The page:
Psalm 34: Taste and See That the LORD Is Good
The introduction says, “Of David. When he pretended to be insane before Abimelek, who drove him away, and he left.” This is a reference to an episode that can be read about in 1 Samuel 21:10–15; the short version is:
- David finds himself in front of Abimelek, a foreign king, and is afraid for his life
- David pretends to be insane, so that Abimelek will leave him alone
- Abimelek buys the act, and drives David out of presence
- And then… apparently David writes this psalm, to celebrate the LORD’s goodness!
We sometimes tend to view God’s actions and our own in an either/or kind of way—either God is in control or I am—but both are usually happening at once. In this case, it was David who came up with a plan to act insane and then act on it, and it was God who made that plan successful. David is right to praise God’s goodness when his own plans are successful—we should do that more often, too!
1 I will extol the LORD at all times;
his praise will always be on my lips.
2 I will glory in the LORD;
let the afflicted hear and rejoice.
3 Glorify the LORD with me;
let us exalt his name together.
Although this psalm is written by David to celebrate the LORD’s goodness after a particular event, and is therefore a personal psalm, David knows that God is God over all, not just himself, so he wants everyone to glorify the LORD along with him.
4 I sought the LORD, and he answered me;
he delivered me from all my fears.
5 Those who look to him are radiant;
their faces are never covered with shame.
6 This poor man called, and the LORD heard him;
he saved him out of all his troubles.
7 The angel of the LORD encamps around those who fear him,
and he delivers them.
David talks about why he’s praising the LORD: David—“this poor man”—sought God, and God answered him. At the time this psalm was written David wasn’t yet king, he was still on the run from Saul who was trying to kill him, so how can he say that God saved him out of all of his troubles? I think this is partially poetic license—again, we shouldn’t read poetry the same way we read prose, or histories, or expository texts like the New Testament letters—but also partially David’s faith in God: God is so faithful that David is assured He will save David from all of his troubles.
8 Taste and see that the LORD is good;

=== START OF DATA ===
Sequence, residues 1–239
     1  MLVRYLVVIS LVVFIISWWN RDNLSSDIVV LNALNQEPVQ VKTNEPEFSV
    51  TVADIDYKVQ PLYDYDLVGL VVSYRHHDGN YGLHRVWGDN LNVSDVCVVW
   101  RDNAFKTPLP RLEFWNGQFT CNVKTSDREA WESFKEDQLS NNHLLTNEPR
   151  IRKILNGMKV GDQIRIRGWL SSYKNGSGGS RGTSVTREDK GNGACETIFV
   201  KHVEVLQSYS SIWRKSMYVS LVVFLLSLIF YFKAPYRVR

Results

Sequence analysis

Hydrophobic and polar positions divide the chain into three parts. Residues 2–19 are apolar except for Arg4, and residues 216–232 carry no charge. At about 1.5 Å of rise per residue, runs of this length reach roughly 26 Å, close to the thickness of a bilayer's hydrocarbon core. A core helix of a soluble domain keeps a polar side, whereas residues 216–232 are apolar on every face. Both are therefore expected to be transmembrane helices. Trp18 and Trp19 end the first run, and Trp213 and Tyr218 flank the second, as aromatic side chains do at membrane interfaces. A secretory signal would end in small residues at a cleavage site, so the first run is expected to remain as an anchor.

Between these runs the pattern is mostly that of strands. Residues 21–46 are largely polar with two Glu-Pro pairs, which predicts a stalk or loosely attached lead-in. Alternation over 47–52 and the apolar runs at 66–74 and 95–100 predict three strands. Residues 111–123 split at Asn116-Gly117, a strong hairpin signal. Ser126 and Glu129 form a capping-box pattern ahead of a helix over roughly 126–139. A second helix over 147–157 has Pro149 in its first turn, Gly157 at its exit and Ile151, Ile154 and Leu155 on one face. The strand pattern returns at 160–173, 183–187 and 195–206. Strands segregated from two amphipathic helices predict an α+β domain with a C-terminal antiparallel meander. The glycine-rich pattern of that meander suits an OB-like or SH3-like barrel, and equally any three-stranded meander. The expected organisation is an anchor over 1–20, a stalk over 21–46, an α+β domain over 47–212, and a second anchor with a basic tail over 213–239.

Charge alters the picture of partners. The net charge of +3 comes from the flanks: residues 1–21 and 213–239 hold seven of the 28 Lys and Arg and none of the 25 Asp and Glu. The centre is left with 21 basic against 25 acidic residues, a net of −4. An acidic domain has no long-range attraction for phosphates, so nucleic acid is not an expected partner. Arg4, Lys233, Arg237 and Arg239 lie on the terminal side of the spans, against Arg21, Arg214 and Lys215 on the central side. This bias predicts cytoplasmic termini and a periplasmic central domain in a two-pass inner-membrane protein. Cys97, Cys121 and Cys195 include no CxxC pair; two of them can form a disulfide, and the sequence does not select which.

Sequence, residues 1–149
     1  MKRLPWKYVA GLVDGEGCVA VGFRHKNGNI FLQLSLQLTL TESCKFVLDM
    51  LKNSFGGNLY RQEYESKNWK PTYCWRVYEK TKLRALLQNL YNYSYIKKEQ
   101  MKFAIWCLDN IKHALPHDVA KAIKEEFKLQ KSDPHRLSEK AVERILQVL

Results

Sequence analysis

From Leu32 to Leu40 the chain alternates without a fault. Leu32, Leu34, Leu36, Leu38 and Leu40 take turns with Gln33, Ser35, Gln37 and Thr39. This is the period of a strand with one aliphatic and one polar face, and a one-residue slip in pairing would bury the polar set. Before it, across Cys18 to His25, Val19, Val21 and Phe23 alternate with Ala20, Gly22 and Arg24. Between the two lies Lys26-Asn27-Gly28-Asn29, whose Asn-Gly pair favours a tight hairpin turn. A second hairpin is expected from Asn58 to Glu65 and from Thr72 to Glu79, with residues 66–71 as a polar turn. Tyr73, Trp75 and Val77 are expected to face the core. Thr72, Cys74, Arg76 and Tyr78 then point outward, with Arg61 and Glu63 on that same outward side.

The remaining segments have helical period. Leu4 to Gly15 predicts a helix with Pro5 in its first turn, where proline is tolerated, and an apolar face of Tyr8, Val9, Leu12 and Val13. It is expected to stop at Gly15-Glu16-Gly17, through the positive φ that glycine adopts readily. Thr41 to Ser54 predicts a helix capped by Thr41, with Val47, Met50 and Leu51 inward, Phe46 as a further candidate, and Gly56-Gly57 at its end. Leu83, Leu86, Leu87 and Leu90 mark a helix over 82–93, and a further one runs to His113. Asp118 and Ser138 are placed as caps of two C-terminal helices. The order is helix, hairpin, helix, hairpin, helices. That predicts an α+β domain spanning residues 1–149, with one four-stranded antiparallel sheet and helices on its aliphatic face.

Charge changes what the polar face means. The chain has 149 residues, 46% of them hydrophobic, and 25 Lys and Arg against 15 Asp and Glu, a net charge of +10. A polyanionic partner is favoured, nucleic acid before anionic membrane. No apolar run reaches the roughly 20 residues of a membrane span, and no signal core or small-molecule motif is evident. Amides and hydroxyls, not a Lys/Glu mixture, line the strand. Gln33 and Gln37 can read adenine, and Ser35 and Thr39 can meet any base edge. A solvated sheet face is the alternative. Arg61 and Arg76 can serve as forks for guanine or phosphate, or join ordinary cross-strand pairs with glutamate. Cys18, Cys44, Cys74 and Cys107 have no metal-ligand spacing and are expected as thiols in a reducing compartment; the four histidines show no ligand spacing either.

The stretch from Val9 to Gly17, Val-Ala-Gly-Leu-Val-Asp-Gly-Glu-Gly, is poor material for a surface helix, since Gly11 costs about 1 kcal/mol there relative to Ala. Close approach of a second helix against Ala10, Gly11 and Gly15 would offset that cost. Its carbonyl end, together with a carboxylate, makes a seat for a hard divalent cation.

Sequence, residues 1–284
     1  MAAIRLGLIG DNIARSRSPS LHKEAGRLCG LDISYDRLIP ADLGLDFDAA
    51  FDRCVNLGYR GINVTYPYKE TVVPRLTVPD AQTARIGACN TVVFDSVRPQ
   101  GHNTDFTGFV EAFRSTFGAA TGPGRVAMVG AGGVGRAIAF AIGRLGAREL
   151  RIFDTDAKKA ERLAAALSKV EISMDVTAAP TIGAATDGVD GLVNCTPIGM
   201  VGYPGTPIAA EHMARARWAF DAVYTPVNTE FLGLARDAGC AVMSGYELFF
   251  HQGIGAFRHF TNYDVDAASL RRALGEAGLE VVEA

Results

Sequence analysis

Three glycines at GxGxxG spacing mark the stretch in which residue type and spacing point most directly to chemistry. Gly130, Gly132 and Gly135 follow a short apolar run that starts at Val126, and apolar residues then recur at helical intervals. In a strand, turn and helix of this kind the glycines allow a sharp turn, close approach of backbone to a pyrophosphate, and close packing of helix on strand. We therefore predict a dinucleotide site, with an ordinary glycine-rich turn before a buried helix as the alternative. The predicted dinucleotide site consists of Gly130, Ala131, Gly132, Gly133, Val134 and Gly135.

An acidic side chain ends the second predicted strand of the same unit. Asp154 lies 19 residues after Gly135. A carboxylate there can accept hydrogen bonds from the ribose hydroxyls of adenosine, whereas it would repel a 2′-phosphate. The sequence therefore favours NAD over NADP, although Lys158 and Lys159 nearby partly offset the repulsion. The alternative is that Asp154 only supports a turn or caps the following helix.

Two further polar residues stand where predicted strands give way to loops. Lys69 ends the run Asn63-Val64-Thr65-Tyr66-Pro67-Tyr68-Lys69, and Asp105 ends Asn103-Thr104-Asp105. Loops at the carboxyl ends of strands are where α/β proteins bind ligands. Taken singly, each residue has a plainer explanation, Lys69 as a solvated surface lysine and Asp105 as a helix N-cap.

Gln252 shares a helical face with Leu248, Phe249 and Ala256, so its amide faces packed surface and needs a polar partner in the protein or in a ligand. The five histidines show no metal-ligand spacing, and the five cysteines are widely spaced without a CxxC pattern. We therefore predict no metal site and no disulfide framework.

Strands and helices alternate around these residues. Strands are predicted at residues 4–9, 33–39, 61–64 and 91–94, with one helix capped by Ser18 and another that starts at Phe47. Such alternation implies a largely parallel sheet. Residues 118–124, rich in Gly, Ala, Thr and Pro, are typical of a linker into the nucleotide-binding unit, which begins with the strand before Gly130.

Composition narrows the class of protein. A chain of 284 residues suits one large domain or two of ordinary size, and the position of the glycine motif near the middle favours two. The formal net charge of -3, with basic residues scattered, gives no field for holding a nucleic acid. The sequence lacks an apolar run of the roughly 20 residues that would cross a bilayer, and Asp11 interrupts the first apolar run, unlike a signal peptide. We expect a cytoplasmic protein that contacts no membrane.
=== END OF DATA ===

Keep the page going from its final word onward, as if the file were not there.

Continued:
blessed is the one who takes refuge in him.
9 Fear the LORD, you his holy people,
for those who fear him lack nothing.
10 The lions may grow weak and hungry,
but those who seek the LORD lack no good thing.
11 Come, my children, listen to me;
I will teach you the fear of the LORD.
12 Whoever of you loves life
and desires to see many good days,
13 keep your tongue from evil
and your lips from telling lies.
14 Turn from evil and do good;
seek peace and pursue it.
I think this portion of the psalm shows why David is called “a man after God’s own heart” in the Bible: he doesn’t just trust God, he pushes others to do the same. “Trust God, like I do, and get His blessings, as I do!”
15 The eyes of the LORD are on the righteous,
and his ears are attentive to their cry;
16 but the face of the LORD is against those who do evil,
to blot out their name from the earth.
17 The righteous cry out, and the LORD hears them;
he delivers them from all their troubles.
18 The LORD is close to the brokenhearted
and saves those who are crushed in spirit.
19 The righteous person may have many troubles,
but the LORD delivers him from them all;
20 he protects all his bones,
not one of them will be broken.
21 Evil will slay the wicked;
the foes of the righteous will be condemned.
22 The LORD will rescue his servants;
no one who takes refuge in him will be condemned.
On this last part I’d go back to the point about poetic license: This feels like a pretty black-and-white text about God rewarding the righteous and punishing the wicked, but this is a psalm/song/poem. I think David would likely agree that there are times when righteous people suffer, and wicked people do well. We can’t apply this as a universal truth and say it always happens this way1. However, David also knows that the LORD is just; he knows that the LORD has promised to bless His people; he knows that God is good. He was more right than he ever knew that God does deliver His people from their troubles, but the full implementation of that happens in eternity, not always in this life.
If you follow a preacher who says that it does always happen this way, you have what we call a “health and wealth” preacher, and that person is not teaching the Scriptures faithfully. The Bible does not teach that following God always leads to blessings and straying from Him always leads to suffering; the Gospels, especially, are full of places where Jesus teaches that his followers are going to suffer—just as He suffered. ↩︎